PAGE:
MIAMI – Corporates could save as much as five percent on every transaction if they use the renminbi when making payments to China, one FX expert says. In a session at NACHA’s 2012 Global Payments Strategies Conference, Alfred Nader, vice president, corporate strategy and development at Western Union Business Solutions, urged corporates to trade in renminbi with their Chinese business partners rather than U.S. dollars.
Earlier this year the Chinese government allowed all companies in China to make and receive cross-border payments in RMB—a significant breakthrough for treasurers. That’s because trading in renminbi eliminates the need for Chinese companies to go through an FX cancellation procedure and receive permission from China’s State Administration of Foreign Exchange to convert other currencies into renminbi, Nader said. Additionally, treasurers no longer have to worry about exchange rate fluctuations. “They can actually bill exactly what they want to get,” he said. “This is huge.”
Opening up the renminbi
Although the decision by the People’s Republic is fairly recent, the Western press has paid scant attention to it. “This is really opening up the Chinese markets in a way that we’ve never seen before, and it didn’t make the pages here in the United States,” said Nader. “I looked at the Financial Times, I looked at The Wall Street Journal, I looked at these business publications, and maybe there was something on page 19.”
In fairness, even many Chinese companies are still unaware that trading in renminbi is allowed, Nader explained, but they benefit as well. “China has export-related tax rebates so to encourage trade, to encourage their companies to export, they give them money back. It varies anywhere from three to 15 percent, depending on the product,” he said.
Savings for U.S. corporates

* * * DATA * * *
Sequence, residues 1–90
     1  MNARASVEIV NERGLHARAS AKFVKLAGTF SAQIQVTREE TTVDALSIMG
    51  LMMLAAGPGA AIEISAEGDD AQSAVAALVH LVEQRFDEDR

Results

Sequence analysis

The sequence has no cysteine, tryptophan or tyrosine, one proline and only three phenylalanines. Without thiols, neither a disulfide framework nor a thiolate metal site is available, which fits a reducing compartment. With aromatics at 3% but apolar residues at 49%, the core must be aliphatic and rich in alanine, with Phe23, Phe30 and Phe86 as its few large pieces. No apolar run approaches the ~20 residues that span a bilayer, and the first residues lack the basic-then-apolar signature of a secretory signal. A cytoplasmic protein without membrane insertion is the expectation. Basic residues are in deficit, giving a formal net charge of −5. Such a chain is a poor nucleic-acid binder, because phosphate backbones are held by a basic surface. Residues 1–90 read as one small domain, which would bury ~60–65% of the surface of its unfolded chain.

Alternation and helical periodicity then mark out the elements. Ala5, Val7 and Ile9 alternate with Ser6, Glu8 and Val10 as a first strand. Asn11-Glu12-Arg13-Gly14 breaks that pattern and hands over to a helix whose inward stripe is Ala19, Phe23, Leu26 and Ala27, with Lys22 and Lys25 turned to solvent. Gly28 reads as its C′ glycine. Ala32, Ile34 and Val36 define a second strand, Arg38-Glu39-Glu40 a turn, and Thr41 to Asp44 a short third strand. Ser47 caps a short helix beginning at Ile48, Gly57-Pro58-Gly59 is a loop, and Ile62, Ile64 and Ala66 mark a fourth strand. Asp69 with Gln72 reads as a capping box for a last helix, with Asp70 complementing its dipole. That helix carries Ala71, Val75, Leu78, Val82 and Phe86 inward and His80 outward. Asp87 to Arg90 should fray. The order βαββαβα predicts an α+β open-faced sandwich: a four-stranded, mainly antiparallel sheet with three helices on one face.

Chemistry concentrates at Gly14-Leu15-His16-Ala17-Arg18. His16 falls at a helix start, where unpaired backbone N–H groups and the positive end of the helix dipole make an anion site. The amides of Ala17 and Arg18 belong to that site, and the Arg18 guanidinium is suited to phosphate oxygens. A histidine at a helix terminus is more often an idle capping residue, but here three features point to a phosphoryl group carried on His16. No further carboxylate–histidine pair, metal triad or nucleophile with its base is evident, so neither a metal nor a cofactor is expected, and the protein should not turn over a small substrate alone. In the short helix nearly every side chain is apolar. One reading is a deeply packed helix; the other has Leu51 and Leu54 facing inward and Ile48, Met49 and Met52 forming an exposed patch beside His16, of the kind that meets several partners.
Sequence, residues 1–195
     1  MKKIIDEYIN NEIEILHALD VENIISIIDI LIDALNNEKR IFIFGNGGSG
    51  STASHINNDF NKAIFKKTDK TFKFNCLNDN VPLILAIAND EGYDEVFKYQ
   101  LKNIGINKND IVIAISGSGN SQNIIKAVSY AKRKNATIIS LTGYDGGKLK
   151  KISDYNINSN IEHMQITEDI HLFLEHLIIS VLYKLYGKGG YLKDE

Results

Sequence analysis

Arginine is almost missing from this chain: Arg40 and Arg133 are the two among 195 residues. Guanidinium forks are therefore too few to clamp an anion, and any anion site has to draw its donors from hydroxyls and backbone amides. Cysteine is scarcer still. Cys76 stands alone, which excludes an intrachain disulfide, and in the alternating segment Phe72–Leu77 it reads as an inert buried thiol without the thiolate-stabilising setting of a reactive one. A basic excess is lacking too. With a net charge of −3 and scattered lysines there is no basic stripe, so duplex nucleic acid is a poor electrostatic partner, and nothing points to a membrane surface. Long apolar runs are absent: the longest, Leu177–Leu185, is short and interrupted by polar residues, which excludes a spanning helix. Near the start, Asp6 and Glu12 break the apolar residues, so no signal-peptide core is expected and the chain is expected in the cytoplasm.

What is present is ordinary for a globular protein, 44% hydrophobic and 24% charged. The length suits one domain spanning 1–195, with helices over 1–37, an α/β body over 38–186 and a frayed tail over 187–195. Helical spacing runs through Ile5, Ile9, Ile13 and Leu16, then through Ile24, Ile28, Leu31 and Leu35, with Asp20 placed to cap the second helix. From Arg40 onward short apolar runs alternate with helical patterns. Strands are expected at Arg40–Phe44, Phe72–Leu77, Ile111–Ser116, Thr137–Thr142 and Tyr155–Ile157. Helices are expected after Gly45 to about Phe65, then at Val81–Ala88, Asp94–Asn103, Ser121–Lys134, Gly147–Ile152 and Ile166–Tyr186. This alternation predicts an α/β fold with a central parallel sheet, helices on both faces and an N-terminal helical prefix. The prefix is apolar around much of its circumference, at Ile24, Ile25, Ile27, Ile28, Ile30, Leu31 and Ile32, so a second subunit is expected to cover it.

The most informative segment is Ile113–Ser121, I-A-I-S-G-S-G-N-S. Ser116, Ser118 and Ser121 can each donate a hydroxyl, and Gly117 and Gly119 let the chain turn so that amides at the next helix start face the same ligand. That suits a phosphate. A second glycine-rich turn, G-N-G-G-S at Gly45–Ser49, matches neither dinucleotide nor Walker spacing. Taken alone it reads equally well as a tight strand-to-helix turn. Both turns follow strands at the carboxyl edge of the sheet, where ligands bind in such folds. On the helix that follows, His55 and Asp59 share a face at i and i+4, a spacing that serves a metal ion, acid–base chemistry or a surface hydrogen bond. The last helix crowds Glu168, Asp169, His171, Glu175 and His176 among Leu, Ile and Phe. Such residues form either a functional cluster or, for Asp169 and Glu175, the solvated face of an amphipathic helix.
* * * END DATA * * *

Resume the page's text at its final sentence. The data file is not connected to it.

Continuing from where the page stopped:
WUBS performed a study to determine how much Chinese exporters charge their trading partners to safeguard against foreign exchange fluctuations, and found that one in five companies adds fees or surcharges, with the average fee being three percent. “For every $1 million that you’re importing from China, you’re essentially paying an extra $30,000,” Nader said. “In this economic environment, none of us would like to just look away from $30,000 in potential savings.”
Backing up the WUBS study was a statement from the People’s Bank of China in late October that importers can save between two and three percent by negotiating in renminbi. A recent study by Deutsche Bank was even more impressive, putting the savings at close to five percent. “Look at how many goods are actually made in China,” Nader said. “Think about the effect. What if the large companies of the world started to push their suppliers in China to be billed in the Chinese renminbi? Recently IKEA came out and said they started doing this. It’s a significant amount of money that could actually be saved.”
Rules to know
There are some rules that U.S. companies need to be aware of when paying in renminbi. If making a payment to mainland China, trading in renminbi is only allowed if it is for trade-related purposes. However, those rules do not apply for territories outside of mainland China, so payments can be made for any reason. “In Hong Kong and Taiwan, there’s a lot of interest and a lot of volume coming into those countries in the Chinese renminbi,” said Nader. “You may see that loosening take place in [mainland] China over the next 12-18 months. But right now, you can’t send payments to individuals in mainland China.”
Nader encourages corporates to negotiate with their Chinese suppliers and ask them if they would prefer to receive renminbi. He noted that even if corporates only save one percent by trading in renminbi, it is worthwhile because they’re saving $10,000 for every $1 million.
Trading in renminbi also benefits U.S. exporters, particularly those just entering the Chinese market, Nader added. “How about telling your potential clients in China that they can pay you in their own currency?” he said. “We need to look past the U.S. dollar being king.”